Ask ten people to define peptide therapy and it’s doubtful you’ll get a coherent response. Search for it online and you’ll be overwhelmed by information and likely put off by claims that sound too good to be true (“Burn fat! Combat mental decline!).
Let’s face it, we’d all like to enhance fat burning, slow aging, and reverse bone loss and have better wound healing, smoother skin, improved blood pressure, and increased sexual energy (just a few of the claims you’ll see). We’d also like help in fighting chronic disease.
Despite sounding too good to be true, there’s a logic to peptide therapy.
The logic of peptide therapy
Roughly 70 peptides have been FDA-approved for treating illness. The most well-known of these—insulin—was discovered exactly 100 years ago and is responsible for saving the lives of tens of millions of diabetics around the world.
Less familiar are the peptides calcitonin (for osteoporosis) and adrenocortical tropic hormone (ACTH) for adrenal disease
To understand exactly what peptides are, think about the protein we all need in our diets. It’s one of the Big Three: protein, fats, and carbohydrates. Every protein is made up of an immensely long string of the 20 amino acids (the so-called building blocks of protein), each a relatively small molecule.
When we eat any kind of protein, our digestive tract breaks down the protein into its component amino acids, which are absorbed into our bloodstream. Our bodies then reassemble them, using them as building blocks for muscle, bone, cartilage, skin, and all sorts of molecules, including hemoglobin to carry oxygen and hormones, like thyroid, estrogen, and testosterone.
All proteins consist of peptides. If a protein is a lengthy string of amino acids, a peptide is simply one part of the whole.
Instead of thousands of amino acids, a peptide can be synthesized from two or three dozen. Insulin was first extracted from the pancreas of a pig. Today it’s synthesized (made in a lab).
Insulin is a biologically active peptide
Taking this one step further, a biologically active peptide is a chain of amino acids that is “pre-made” to perform a specific task once it gets into the body. Your body can, and does, make the peptides it needs (insulin, for example), but when you have a shortage of insulin, as in diabetes, you can go to a drugstore, buy a bottle of insulin and inject yourself. You are self-administering a biologically active peptide.
Injecting a peptide thus bypasses your body’s manufacturing process and sets to work immediately on the job it has been assigned. But keep this in mind: you can’t swallow peptides and expect results. Your stomach acid will destroy the peptide on contact and you’ll absorb only the component amino acids.
You may have already tried peptides without knowing it. Biologically active peptides are a common ingredient in anti-aging skin creams. Applied to your skin and absorbed, the peptides send signals to repair tissue breakdown and tighten collagen, smoothing wrinkles.
Getting down to specifics
The 70 peptides that have FDA approval for human use include those used to reduce inflammation, kill bacteria and viruses, and reverse aging. Think of peptides as acting like hormones, delivering messages to perform certain functions.
The production of human growth hormone (HGH), made in your pituitary gland, starts to fall starting in middle age. Just as collagen peptides can boost the look and feel of your skin, restoring levels of HGH can help slow the aging process, optimizing skin health, sexual health, bone and muscle mass, the repair of tissues, and cognition.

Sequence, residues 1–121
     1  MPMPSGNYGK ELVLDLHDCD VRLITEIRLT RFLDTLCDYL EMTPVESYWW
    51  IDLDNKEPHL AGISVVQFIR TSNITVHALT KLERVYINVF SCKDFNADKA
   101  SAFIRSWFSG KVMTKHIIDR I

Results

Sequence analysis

When you read the terms bioactive peptide therapy or just plain peptide therapy, remember it’s the process of using peptides to replace what’s missing or in short supply. Depending on your requirements, replacing peptides has the potential to reverse the aging process or treat an illness that your body can’t handle on its own.
I’ll discuss a variety of different peptides in later Health Tips, but today we’ll focus on anti-aging. The most popular of the anti-aging peptides is Sermorelin.
Sermorelin is a synthetic molecule of 29 amino acids created to mimic the same hormone produced in your body to release HGH from your pituitary gland. For a while, growth hormone itself was used as an anti-aging hormone, but the cost ($1,500 a month) discouraged widespread acceptance.
Increasing HGH levels using Sermorelin offers a variety of potential benefits and few risks. The most commonly reported benefits are increased lean body mass with fat reduction, increased energy, increased libido, better immunity, improved cardiovascular function, and even improved sleep.
If you’re intrigued by anti-aging therapies using biologically active peptides like Sermorelin, look around online for information.
Then schedule with one of our practitioners. We’ll order appropriate blood tests, review the results with you, order your Sermorelin, and teach you how to administer it to yourself.
David Edelberg MD
One thought on “Anti-Aging Peptide Therapy”
Thanks Dr. E. – The link (look around online) goes to a 2020 paper that said Sermorelin was discontinued for production in 2008 due to supply chain difficulties (not due to safety). It appears that status has changed since a search shows several products for sale (both oral and injected). Would this interfere with Testosterone therapy? What is my HGH levels are “Normal” (whatever that really means…!) Really interesting article – thanks for the great explanations.